Please enjoy a d’var Torah this week from Lena Eskin. Lena spent six summers as a camper and five years on staff, most recently as the Rosh Aidah for Kochavim B. After graduating from Cornell University and spending two years doing research at the National Institutes of Health, Lena moved to Chicago this fall to begin medical school at Rush Medical College.
The Power of Multiple Perspectives: Reflections on Parashat Vayeisheiv
by Lena Eskin
In this week’s parashah, Vayeisheiv, we get the first big chunk of the Joseph story. It’s chock-full of excitement: sibling rivalry, parental deception, imprisonment, and crazy dreams. Within the telling of this story, however, there are a few narrative elements that don’t quite add up. Early on in the parashah, Joseph’s brothers get pretty fed up with him and talk of killing him and throwing him in a pit. That is, until Reuben chimes in to suggest that they should let Joseph live; throwing him in a pit is punishment enough. The brothers seem on board and follow through with this new plan. But only a few verses later, Judah speaks up with the idea not to kill Joseph and instead sell him to the Ishmaelites. Why did Judah have to convince his brothers not to kill Joseph if Reuben had already accomplished that?
There are other apparent inconsistencies as well. Genesis 37:28 tells us the following:
וַיַּֽעַבְרוּ֩ אֲנָשִׁ֨ים מִדְיָנִ֜ים סֹֽחֲרִ֗ים וַֽיִּמְשְׁכוּ֙ וַיַּֽעֲל֤וּ אֶת־יוֹסֵף֙ מִן־הַבּ֔וֹר וַיִּמְכְּר֧וּ אֶת־יוֹסֵ֛ף לַיִּשְׁמְעֵאלִ֖ים בְּעֶשְׂרִ֣ים כָּ֑סֶף וַיָּבִ֥יאוּ אֶת־יוֹסֵ֖ף מִצְרָֽיְמָה׃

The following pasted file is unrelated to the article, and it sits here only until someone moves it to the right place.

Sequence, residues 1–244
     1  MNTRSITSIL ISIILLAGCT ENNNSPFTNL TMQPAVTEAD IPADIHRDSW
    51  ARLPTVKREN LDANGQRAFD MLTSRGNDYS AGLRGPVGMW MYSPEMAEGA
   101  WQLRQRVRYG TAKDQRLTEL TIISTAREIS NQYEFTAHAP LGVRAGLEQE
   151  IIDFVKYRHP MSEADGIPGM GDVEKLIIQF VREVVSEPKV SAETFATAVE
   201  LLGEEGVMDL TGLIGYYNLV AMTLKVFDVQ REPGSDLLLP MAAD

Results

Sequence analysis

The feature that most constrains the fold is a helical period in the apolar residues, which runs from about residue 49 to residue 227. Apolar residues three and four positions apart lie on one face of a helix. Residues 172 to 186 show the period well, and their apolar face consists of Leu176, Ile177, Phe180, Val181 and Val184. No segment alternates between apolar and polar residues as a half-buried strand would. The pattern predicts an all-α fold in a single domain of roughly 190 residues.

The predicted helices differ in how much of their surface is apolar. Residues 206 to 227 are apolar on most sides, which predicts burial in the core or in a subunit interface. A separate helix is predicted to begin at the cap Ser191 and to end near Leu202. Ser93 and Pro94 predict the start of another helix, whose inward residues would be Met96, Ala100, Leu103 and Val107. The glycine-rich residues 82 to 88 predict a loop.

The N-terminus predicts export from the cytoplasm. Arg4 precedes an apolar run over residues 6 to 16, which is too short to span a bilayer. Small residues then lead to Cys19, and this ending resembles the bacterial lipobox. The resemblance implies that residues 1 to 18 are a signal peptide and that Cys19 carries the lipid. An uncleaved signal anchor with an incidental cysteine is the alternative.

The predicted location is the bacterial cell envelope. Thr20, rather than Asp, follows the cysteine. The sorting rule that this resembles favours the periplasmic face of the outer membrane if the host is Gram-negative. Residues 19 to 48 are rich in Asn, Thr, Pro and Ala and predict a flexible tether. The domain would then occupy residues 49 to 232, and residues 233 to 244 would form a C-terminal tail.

When Midianite traders passed by, they pulled Joseph up out of the pit. They sold Joseph for twenty pieces of silver to the Ishmaelites, who brought Joseph to Egypt.
This pasuk (verse) prompts even more questions: Are the Midianites and the Ishmaelites distinct groups or one and the same? Who really brought Joseph to Egypt? And did his brothers actually sell him off or was he simply taken?
Some scholars believe that the Joseph story we read from the Torah today is actually a combination of two separate narratives woven together. One of these, which tells of Judah’s intervention to save Joseph’s life and the brothers selling Joseph to the Ishmaelites, comes from the oral tradition from the Kingdom of Judah, while the other, describing Reuben as Joseph’s savior and the Midianites pulling Joseph from the pit, comes from the Kingdom of Israel.
I really appreciate this interpretation of the origin of the Joseph story. While these details in the parashah can initially seem contradictory and confusing, they actually highlight a beautiful idea about our history and tradition. No single person or group holds the “correct” perspective on a certain event or period of time. Thus, there is not a single, perfectly seamless telling of the Joseph story that won out – instead, two different narratives are presented together as one.
This idea of multiple perspectives holds true at camp, as well. Campers and staff members have a wide range of hometowns, interests, educational and religious experiences, and family traditions. No one background is valued more than others. It is this diversity of experiences that helps makes Jewish learning and practice at camp so interesting, engaging, and dynamic. The Ramah Wisconsin story is a collection of all of these individuals – a story that, like the Joseph narratives, draws its resonance from its messiness. May we all continue not only to bring memories from camp home with us, but to also bring our unique stories and traditions up to camp each summer.